If your tenants can’t make a phone call or send a text message for help, then emergency personnel can’t respond. The FCC recognized the ubiquity of wireless when it adopted new 911 rules designed to bolster indoor location accuracy information from wireless devices, making it easier for first responders to locate building occupants.
When first responders arrive, they need to be able to communicate in order to coordinate actions. A building’s materials and design can significantly limit police, fire, and EMT radio transmission, creating dead zones in remote areas and at higher floors. A communications disruption during an emergency can have serious negative impacts on the outcome.
This reality, which came to national attention on Sept. 11, 2001, is driving building code requirements and technological advances. The International Fire Code Council (IFCC) and National Fire Protection Association (NFPA) publish the most important and widely recognized codes and standards for in-building wireless communications. These organizations are currently working on updated standards that have started to impact building code as local jurisdictions adopt them.
There are differences between what is published by the IFCC and the NFPA, so it’s important to be aware of what’s adopted via ordinance in specific jurisdictions. The codes issued by the IFCC and NFPA are typically updated on a three-year cycle. While frequency of change for local codes can vary depending on the community, most jurisdictions rarely go longer than six years before modifications are adopted.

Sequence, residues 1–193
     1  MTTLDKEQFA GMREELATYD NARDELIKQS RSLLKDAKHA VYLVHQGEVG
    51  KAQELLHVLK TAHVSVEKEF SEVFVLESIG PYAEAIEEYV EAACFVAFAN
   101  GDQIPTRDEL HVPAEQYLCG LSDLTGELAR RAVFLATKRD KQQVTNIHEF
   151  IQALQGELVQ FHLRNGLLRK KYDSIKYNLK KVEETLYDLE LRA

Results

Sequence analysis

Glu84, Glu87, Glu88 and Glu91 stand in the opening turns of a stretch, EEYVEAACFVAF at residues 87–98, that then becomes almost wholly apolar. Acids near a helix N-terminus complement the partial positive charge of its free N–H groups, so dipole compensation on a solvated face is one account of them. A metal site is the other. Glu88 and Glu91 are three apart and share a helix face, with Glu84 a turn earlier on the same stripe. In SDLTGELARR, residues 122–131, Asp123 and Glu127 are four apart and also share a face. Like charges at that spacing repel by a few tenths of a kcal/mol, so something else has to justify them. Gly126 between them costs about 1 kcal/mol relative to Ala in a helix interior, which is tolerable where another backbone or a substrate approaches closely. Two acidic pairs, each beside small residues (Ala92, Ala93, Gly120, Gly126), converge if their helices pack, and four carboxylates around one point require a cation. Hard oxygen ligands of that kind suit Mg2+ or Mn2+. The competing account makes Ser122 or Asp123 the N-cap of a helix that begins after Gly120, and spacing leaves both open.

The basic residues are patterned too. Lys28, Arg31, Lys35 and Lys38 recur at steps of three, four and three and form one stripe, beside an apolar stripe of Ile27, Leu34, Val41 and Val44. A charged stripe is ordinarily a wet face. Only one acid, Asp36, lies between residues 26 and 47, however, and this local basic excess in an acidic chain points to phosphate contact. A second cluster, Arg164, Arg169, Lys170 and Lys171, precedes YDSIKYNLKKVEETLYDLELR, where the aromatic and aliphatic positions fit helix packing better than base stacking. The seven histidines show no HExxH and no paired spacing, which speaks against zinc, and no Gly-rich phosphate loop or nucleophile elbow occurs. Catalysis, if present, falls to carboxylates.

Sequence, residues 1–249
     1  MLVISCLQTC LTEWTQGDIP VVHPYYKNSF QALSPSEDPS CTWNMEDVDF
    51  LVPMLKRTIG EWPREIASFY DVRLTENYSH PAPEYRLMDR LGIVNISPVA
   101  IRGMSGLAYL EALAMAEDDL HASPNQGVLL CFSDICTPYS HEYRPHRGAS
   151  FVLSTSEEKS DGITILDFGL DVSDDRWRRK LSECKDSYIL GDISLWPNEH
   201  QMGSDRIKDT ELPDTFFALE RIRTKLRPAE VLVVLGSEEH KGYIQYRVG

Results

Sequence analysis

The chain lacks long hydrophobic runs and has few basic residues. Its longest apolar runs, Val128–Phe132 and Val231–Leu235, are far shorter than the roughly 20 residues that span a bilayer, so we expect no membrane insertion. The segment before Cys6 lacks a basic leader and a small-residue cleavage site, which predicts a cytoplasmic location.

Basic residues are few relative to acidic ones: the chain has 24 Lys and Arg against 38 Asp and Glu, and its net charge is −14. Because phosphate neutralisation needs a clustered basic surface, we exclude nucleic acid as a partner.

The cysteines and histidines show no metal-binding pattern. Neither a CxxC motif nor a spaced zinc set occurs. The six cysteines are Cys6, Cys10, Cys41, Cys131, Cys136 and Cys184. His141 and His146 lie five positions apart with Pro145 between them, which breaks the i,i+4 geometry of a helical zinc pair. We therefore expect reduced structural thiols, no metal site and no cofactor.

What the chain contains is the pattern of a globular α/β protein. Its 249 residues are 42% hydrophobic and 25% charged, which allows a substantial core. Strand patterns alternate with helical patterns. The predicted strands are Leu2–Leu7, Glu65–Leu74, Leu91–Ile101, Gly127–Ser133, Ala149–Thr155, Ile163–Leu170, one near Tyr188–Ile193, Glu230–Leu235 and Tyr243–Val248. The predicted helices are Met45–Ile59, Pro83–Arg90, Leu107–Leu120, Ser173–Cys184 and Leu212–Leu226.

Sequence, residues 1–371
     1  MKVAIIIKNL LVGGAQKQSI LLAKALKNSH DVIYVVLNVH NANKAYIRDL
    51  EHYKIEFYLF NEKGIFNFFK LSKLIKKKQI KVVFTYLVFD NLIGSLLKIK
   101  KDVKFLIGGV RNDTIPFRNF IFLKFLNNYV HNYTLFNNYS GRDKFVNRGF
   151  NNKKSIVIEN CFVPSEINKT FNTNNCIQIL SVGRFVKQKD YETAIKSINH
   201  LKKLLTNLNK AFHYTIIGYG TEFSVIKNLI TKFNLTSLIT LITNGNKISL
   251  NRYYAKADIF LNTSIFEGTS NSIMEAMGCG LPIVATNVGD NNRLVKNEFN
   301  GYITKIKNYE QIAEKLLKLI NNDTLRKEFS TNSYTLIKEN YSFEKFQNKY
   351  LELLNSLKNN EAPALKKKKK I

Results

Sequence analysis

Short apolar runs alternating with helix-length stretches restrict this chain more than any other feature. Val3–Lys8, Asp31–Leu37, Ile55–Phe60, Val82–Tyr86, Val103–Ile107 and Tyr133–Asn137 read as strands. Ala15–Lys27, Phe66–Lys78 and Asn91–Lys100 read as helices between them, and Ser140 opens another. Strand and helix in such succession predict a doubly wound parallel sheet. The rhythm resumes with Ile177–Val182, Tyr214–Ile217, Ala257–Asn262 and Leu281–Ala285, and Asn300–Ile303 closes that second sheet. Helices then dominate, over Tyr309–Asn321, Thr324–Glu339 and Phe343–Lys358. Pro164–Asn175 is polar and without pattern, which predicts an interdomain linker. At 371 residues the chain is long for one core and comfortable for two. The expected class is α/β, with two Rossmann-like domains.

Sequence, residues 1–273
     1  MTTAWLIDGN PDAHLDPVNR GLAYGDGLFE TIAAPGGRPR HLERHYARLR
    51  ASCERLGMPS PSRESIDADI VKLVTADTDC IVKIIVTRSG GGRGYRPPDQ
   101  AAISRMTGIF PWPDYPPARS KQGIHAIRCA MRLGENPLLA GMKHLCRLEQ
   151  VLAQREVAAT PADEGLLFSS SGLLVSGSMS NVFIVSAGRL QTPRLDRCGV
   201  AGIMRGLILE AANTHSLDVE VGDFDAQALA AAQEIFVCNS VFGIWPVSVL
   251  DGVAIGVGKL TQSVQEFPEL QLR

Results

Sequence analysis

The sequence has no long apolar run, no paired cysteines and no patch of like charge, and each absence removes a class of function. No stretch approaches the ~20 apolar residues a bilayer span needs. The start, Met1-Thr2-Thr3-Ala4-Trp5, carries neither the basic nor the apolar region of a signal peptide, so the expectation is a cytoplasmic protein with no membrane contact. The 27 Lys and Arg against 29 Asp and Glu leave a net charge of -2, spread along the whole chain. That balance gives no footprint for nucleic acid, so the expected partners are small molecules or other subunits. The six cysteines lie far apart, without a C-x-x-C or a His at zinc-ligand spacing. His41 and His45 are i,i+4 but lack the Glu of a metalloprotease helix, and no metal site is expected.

Today’s challenge for building owners with projects underway is to anticipate the requirements and plan for them rather than waiting for local codes, standards, and jurisdictional guidelines to force their hand in the not-so-distant future.
Once in-building wireless communications standards have been established in fire and building codes, architects and engineers, commercial developers, and building owners can plan for in-building wireless as an integral part of the facility’s infrastructure. Today’s challenge for building owners with projects underway is to anticipate the requirements and plan for them rather than waiting for local codes, standards, and jurisdictional guidelines to force their hand in the not-so-distant future.
Owners and managers of high-rise buildings are facing new communications challenges, but they aren’t alone. Providing reliable communications is a shared responsibility. Wireless carriers, tenants, emergency responders, insurance agencies, and law firms are just some of the entities that have a stake and role in this emerging technology, its capabilities, and regulation.
While in-building communications is no longer a luxury, it comes with a cost. One of the ongoing industry discussions among stakeholders is how to fund and manage in-building networks without causing unfair financial burdens. We should reward building owners who invest in communications technology that makes their facilities safer. Insurance premium savings could (and should) address the cost of implementing such a mission-critical system.